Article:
By Annie Rhoades
Late-night studying, hard work and determination are necessary to obtain a college degree and establish a successful career path. It took all of this and much more for alumnus Markeeva Morgan (BSEE 01), Space Launch System (SLS) Program Core Stage Avionics Hardware Subsystems Manager for NASA, to get to where he is today. But if you ask him it all happened, “by the grace of God.”
A native of Coldwater, Miss., Morgan graduated from Coldwater High School in 1997 and set his sights on obtaining a degree in engineering – specifically in Mississippi.
“Very early in my selection process, mainly for patriotic reasons, I decided I wanted to go to school in Mississippi,” Morgan said. “Part of my decision was functional as well, as I was hoping to get enough scholarships to pay for my degree.”
After receiving numerous offers from universities across the country, Morgan began visiting Ole Miss frequently.
“It became a common thing – the more I visited the University of Mississippi, the more I loved it,” Morgan said. “I also appreciated how much the university representative talked about what we have to offer in Oxford without a negative word being said about anybody else.”
The son of a Vietnam War veteran and Ole Miss alumnus, Morgan enrolled in the fall of 1997 to pursue a field that spiked his interest from the time he was a small child watching “Star Trek: The Next Generation.”
“When I was really little I didn’t know what an engineer was, but I had always been fascinated with how things work,” Morgan said. “Watching ‘Star Trek’ is how I came to learn what an engineer is. What really cemented it for me was when the movie ‘Apollo 13’ came out while I was in high school. There’s a scene after carbon dioxide levels are increasing in a crew capsule, where a bunch of engineers are all in the room trying to figure out how to solve the problem and basically put a round peg in a square hole. And I thought, ‘Wow that’s cool, that’s what I want to do.’”
After earning a bachelor of science in electrical engineering in 2001, Morgan relocated to Washington, D.C., to take a position with the U.S. Navy.
His first day on the job was September 6, 2001, five days before the world would be changed forever.
“I remember my boss came by and said, ‘You know the reason they make the application process so difficult is because they want to make sure they get the best candidate, because the learning curve is very steep,’” Morgan said. “He then told me I had no learning curve. I had to perform right then because we were just attacked. And then he walked away. I was 22 years old.”
Named the nuclear instrumentation and control technical advisor to the Atlantic submarine fleet within weeks of his arrival, Morgan led multi-disciplinary teams of mostly senior personnel to ensure the continued readiness of the fleet to respond to the then-incipient threat to our nation’s security.
Morgan is proud to say his time at Ole Miss helped him through those challenging and stressful times at a high-pressure job fresh out of college.
“I remember going to career day at Ole Miss, and one of the recruiters said something that was so intriguing – every university graduates scholars, but this university graduates people who are scholars,” Morgan said. “Having now graduated and worked in a high-pressure environment, I understand exactly what he meant. There’s a difference between the two. The university provides opportunities to develop the whole person. In many respects I felt like I was uniquely qualified to do what I was doing because of the experiences I had while I was in Oxford.”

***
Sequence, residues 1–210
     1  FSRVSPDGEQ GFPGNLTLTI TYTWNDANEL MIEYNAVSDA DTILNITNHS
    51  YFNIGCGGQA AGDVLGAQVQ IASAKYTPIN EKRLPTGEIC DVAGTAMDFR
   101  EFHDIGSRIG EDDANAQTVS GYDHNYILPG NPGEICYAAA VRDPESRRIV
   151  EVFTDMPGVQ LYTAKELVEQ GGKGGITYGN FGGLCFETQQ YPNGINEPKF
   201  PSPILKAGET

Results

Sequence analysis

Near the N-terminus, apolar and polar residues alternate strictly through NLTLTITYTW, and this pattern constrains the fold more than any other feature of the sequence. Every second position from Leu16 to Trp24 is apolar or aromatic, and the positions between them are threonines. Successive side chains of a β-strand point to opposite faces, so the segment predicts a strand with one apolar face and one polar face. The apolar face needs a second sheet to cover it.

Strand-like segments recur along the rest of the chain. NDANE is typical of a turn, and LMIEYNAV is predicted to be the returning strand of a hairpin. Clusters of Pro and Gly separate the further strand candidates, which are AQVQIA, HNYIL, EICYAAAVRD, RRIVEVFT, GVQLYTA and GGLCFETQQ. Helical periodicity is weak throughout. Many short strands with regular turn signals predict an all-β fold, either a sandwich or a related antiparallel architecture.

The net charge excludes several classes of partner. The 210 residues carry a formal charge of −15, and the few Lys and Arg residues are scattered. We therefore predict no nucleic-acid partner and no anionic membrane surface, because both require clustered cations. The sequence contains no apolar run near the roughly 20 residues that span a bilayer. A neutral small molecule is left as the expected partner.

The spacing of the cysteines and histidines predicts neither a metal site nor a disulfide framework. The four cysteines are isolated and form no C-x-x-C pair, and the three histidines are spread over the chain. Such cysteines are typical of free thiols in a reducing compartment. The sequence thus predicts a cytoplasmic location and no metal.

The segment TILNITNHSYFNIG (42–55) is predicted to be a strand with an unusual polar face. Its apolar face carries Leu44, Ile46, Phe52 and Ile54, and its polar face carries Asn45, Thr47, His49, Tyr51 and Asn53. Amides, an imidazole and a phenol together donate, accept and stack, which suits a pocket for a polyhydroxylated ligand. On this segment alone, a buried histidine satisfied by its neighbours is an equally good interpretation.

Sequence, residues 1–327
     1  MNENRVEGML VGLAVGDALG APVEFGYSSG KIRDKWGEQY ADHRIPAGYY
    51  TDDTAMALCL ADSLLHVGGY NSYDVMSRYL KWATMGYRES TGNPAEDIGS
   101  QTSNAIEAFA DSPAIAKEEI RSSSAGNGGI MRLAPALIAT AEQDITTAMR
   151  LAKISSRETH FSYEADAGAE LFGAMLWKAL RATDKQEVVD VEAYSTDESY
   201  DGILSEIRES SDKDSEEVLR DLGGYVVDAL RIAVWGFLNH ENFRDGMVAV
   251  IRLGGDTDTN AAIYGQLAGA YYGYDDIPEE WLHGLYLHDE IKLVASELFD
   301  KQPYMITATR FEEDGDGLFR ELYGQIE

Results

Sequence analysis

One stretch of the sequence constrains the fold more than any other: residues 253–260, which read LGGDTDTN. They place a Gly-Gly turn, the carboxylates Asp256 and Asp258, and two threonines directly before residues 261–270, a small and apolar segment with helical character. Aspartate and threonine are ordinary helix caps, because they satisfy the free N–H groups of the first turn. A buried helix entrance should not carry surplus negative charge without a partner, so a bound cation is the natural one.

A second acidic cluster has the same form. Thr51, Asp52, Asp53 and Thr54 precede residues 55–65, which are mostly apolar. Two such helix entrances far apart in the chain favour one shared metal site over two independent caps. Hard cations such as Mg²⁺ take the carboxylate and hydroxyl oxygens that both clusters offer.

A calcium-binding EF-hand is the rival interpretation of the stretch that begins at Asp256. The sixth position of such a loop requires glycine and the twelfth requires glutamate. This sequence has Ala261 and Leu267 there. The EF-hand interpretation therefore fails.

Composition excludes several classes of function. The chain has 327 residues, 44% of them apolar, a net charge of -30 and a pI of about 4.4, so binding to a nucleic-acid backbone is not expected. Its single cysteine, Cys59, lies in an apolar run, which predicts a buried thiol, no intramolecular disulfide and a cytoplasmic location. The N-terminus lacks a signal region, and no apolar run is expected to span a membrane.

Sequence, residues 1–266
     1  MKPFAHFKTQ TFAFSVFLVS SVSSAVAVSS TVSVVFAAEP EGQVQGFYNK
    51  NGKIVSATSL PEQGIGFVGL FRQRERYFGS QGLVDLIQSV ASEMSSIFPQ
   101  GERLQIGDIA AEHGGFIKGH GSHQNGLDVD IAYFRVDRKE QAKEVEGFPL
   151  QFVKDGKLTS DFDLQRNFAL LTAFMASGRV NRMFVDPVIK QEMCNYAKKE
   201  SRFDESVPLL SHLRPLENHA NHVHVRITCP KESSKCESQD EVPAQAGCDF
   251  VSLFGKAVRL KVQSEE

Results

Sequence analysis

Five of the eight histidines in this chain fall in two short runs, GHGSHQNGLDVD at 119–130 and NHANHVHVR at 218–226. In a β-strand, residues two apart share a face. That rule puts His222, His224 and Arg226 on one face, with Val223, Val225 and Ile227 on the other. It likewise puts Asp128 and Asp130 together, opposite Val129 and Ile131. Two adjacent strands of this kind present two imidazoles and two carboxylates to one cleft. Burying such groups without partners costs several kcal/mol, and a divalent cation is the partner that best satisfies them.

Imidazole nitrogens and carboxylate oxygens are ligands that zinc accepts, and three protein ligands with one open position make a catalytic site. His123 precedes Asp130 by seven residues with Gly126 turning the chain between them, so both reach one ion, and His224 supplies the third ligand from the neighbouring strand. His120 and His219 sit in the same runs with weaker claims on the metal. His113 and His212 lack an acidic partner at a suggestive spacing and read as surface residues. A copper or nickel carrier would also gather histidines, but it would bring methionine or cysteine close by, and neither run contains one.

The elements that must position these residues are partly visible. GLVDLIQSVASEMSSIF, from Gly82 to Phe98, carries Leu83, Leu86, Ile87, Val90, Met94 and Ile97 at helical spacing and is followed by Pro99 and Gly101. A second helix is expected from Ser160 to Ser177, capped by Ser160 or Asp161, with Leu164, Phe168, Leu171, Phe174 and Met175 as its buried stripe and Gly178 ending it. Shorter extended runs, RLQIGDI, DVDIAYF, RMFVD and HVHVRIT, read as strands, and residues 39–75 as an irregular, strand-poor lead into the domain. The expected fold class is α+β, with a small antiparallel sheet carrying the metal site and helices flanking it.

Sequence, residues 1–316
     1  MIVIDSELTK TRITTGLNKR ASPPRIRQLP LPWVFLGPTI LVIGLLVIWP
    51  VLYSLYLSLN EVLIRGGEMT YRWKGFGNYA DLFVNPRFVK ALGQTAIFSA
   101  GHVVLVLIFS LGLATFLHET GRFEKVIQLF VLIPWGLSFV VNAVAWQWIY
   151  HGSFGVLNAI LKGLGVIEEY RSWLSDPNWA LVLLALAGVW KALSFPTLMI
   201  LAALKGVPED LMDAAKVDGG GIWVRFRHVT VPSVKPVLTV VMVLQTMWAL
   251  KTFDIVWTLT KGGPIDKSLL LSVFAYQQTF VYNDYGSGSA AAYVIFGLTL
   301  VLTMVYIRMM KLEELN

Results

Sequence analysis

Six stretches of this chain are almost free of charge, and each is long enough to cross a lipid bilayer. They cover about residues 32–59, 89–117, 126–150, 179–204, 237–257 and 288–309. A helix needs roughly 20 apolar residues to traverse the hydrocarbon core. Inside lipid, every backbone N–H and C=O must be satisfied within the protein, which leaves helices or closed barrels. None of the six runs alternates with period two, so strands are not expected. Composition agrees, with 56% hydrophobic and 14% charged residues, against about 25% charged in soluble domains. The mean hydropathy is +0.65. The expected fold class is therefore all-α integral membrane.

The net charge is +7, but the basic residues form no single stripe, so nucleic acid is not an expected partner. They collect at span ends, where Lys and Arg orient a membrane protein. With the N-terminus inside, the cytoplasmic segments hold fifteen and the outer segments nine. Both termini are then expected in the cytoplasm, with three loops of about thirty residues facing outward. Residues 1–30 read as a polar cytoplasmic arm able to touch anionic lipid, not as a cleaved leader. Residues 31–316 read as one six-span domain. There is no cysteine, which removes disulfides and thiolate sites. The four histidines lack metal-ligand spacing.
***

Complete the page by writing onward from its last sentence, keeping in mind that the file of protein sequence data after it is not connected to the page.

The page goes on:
A member of Phi Beta Sigma Fraternity, Morgan’s time at Ole Miss was filled with the typical highs and lows of any student struggling to find positive reassurance for the career decision he or she has made.
During the second semester of his junior year, Morgan suddenly realized he no longer wanted to be an engineer.
“It wasn’t because I stopped loving engineering – in fact it was quite the opposite,” Morgan said. “I have lots of passions and it dawned on me that my passion for engineering and technical things might be ruined, because I’m going to wake up one day and not want to do it that day. I may want to write poetry or something else. I was really nervous about that, but fortunately my job is a lot of technical management. On any given day I get to be as much of a manager or as much of an engineer as I would like. I’ve loved my career ever since then.”
After serving six years with the U.S. Navy, both Morgan and his wife, Shaquinta Morgan (BE 03), were presented with the opportunity to relocate to Huntsville, Ala., in 2007 for their respective jobs.
“We were in two different cities at the time when I was asked to consider moving to Huntsville and working for NASA,” Morgan said. “That evening my wife was at a regional meeting for her company in Atlanta and told me she was just asked by her company if she would ever consider relocating. I think it was divine, so when people ask me why I came to Huntsville I first tell them because God told us to. Needless to stay it all worked out.”
A past board member of the Ole Miss Alumni Association and recipient of the 2007 Outstanding Young Alumni award, Morgan enjoys his work with NASA and coming to Oxford as often as possible to serve on the University of Mississippi Foundation Board of Directors, the School of Engineering Advisory Board, the Center for Manufacturing Excellence Advisory Board, as well as guest lecturing for the Chancellor’s Leadership Class each fall.
“My love for Ole Miss runs pretty deep,” Morgan said. “Relationships I’ve made and relationships I continue to make through the university certainly have a significant impact on my life and my profession. I can proudly say that I am who I am in no small part because of the University of Mississippi.”